N.Y. Seeks Permission to Give Out-of-Level Tests to Students With Disabilities
New York state, which is in the process of renewing its No Child Left Behind accountability waiver, is looking for permission to give students with disabilities accountability tests based on their academic performance, not their grade level based on age.
Called out-of-level testing, the state says that such tests would given to students who cannot demonstrate what they know on grade-level tests, but who are not be eligible for the alternate assessments that the U.S. Department of Education currently allows. "This subgroup of students can make significant progress, but are not likely to reach grade-level achievement in the time frame covered by their individualized education programs," the state wrote in a paper explaining its rationale.
The state says that students must be assessed with a test no lower than two grades below their grade level, and must be tested on a higher grade-level each year. But some disability advocates see this proposal as a move toward lowered standards for students with disabilities. No Child Left Behind eliminated out-of-level testing, but the Education Department said that states could create alternate achievement standards for students with severe cognitive disabilities. Up to 1 percent OF the student body—approximately 10 percent of students with disabilities—could take such tests and be counted as proficient under accountability standards.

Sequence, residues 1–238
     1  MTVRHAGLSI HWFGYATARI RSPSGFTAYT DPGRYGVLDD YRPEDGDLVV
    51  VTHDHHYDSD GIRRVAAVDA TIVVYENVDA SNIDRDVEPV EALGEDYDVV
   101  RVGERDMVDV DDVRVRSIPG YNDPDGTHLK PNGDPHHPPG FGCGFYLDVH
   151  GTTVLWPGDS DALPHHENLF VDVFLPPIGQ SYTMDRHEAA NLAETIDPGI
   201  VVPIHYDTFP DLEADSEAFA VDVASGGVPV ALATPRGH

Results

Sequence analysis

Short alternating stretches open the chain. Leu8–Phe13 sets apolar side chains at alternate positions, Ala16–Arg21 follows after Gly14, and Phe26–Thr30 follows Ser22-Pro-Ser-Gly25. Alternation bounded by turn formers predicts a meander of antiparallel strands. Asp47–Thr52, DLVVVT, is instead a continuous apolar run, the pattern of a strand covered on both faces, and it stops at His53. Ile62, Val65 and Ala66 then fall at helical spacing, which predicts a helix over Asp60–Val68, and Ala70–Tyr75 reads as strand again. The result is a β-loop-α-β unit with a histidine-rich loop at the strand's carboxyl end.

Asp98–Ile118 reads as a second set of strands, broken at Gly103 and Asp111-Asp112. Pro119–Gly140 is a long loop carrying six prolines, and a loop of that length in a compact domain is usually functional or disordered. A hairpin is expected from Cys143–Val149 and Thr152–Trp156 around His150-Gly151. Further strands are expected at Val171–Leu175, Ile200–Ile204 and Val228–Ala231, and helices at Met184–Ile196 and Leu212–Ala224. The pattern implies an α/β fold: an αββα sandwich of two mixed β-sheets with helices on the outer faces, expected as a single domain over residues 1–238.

The Education Department also gave states permission to create "modified achievement standards" that up to 2 percent of all students could take, but Education Secretary Arne Duncan said last year that it was abolishing those tests in order to prompt states to give most students tests on grade level.
The state, in its rationale, says it believes these students could reach grade-level standards over time. However, the paper also said that "these students need to be provided with instruction with special education supports and services at a pace and level commensurate with their needs and abilities and their individual rates of learning."
Advocates worry that allowing this provision in New York's waiver could open the door to similar requests from other states. In a Huffington Post article on the testing proposal, Dianne Piche, the director of education programs at the Washington-based Leadership Conference on Civil and Human Rights, called the proposal "regressive."